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Protecting legacy: The value of a family office

Services for family office structuring, technology transformation, and risk mitigation

This report is a starting point. It is designed to help wealthy families build on their current understanding of what a family office is, consider factors that have contributed to the success of other family offices, and formulate a plan that leads to the creation or revitalization of their own family office.


With the creation of significant wealth, new worlds often open for high net worth individuals and their families. Exciting opportunities, as well as new challenges, can arise as the family acclimates to the increased complexities of wealth. One important decision may be establishing a family office*—or modernizing an existing one—to oversee the financial affairs of the family rather than relying on financial institutions to provide those services.

*This report focuses on single family offices: private organizations established by families to oversee, directly and indirectly, their financial affairs. References to a “family office” throughout this publication infer a single family office unless otherwise noted. In contrast, a multifamily office is an organization that serves multiple nonrelated families. Sometimes, these are former single family offices that have broadened their client base to serve other nonrelated wealthy families. More often, multifamily offices are third-party wealth management firms that provide outsourced services to wealthy families.

Inside the latest report

Family office fundamentals

Operational considerations

While opinions vary widely, many people in the family office industry believe that a family needs at least $100 million of investable assets to form a family office.

To preserve and manage a family’s wealth, family offices must structure themselves to identify and meet family needs through developing the capacity of their staff and creating effective processes for governance.

Download the family office fundamentals section
Download the operational considerations section

Management considerations

Executing the family's vision

To navigate global risk, family offices should develop a framework for evaluating cybersecurity threats and fraud detection, as well as for managing controls for tax reporting.

To fully execute the family’s vision and manage wealth across generations, family offices should develop clear investment objectives and establish a unifying strategy for achieving the family’s shared philanthropic goals.

Download the management considerations section
Download the executing the family's vision section

Looking ahead

The family office industry continues to evolve and become more sophisticated in response to the demands of the families they serve. Several emerging trends are reshaping the focus of family offices and how they will operate and serve families in the future.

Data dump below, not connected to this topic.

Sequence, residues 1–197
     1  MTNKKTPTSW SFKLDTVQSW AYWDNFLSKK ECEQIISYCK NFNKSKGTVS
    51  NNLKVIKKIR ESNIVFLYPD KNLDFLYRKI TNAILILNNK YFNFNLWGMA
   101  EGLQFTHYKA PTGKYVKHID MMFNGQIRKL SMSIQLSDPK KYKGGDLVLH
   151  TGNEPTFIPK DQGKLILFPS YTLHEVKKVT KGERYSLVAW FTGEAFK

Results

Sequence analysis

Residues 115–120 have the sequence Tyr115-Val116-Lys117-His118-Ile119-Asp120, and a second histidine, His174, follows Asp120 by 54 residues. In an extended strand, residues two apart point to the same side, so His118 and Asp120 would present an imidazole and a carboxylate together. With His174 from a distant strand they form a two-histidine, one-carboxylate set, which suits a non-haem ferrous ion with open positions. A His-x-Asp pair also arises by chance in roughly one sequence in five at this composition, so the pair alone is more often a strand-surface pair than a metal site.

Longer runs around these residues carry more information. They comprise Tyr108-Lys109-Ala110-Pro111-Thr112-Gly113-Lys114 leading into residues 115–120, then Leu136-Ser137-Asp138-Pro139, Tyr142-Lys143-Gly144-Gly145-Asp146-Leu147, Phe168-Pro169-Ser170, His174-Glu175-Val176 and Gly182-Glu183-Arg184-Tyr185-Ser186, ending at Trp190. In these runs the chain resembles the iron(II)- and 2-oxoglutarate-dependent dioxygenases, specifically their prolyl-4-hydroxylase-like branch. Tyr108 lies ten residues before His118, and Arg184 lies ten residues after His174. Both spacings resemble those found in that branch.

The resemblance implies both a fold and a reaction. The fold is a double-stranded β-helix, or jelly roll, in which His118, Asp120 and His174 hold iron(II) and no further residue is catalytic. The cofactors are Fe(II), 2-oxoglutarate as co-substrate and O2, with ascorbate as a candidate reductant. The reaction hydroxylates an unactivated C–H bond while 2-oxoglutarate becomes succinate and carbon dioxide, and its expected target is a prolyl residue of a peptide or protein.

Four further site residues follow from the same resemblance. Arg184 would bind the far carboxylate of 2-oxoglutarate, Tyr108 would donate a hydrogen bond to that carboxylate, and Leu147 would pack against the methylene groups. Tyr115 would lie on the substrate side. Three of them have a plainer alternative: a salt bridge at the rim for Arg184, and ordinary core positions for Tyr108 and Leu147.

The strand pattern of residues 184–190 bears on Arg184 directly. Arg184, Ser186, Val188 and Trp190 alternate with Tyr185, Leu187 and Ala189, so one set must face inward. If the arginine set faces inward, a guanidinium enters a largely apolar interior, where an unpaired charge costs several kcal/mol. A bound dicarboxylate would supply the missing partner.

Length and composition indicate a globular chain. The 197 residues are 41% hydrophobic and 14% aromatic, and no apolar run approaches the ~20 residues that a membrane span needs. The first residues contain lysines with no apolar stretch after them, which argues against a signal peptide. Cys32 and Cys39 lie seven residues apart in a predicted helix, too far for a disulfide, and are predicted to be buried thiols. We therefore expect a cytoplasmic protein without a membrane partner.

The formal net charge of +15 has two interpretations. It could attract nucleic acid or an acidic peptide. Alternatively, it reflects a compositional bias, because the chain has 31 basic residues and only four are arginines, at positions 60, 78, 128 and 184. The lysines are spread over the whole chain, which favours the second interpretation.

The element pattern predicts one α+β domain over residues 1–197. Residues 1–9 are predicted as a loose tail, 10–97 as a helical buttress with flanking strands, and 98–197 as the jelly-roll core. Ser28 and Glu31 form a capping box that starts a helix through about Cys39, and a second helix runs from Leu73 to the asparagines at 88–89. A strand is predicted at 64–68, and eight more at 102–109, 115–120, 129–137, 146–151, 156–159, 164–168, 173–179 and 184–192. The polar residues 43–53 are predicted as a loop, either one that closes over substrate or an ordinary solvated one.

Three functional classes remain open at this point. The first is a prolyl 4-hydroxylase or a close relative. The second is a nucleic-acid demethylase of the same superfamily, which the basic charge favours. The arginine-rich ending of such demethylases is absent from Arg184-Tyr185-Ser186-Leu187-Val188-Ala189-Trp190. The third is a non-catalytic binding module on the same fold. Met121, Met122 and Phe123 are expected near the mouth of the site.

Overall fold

Rather than hiring individuals to input large amounts of data, family offices can seek to hire individuals with enhanced data analytics skills or other specialized skills necessary to deliver new value-added services to the family.


Future of work

Moving forward, family offices will need to find a balance between traditional and flex work arrangements to remain competitive in the marketplace. This may lead to a reduction in office space as their talent pool is no longer restricted to working in-person.



An increasing number of individuals desire to pass a meaningful portion of the wealth generated by the sale of their businesses to philanthropic pursuits, instead of perpetual trusts for the benefit of family members and future generations.


Direct private equity

Direct private equity often requires more active involvement with respect to ongoing business decisions. Accordingly, it will be important for families to agree on the governance with respect to these business investments and whether family members will be allowed to actively participate in the acquired companies.



National Family Office Forum

The Deloitte National Family Office Forum is a biennial gathering of single-family office executives at Deloitte University’s Leadership Center in Westlake, Texas. This program is an interactive event designed to enhance the strategic knowledge of senior family office executives through insightful speakers, immersive environments, and peer networking. The ideas presented in this report reflect participants’ insights from the forums.

Deloitte Local Family Office Forums

Deloitte Private Wealth leaders in cities across the US hold local events for family office executives to connect and discuss top-of-mind issues in a discrete, yet open and collaborative setting. With 2020 presenting unique challenges to almost all businesses, our leaders adeptly pivoted to virtual forums, and attendance continued to be strong. In this way, family office executives are driving powerful agendas to help one another understand and respond to their toughest issues.

Family Office Labs in the Deloitte Greenhouse­® Space

Family offices and the executives who manage them are under growing pressure to deliver value. 
Family Office labs engage people intellectually, physically, and emotionally so they can take problem-solving to a new level.



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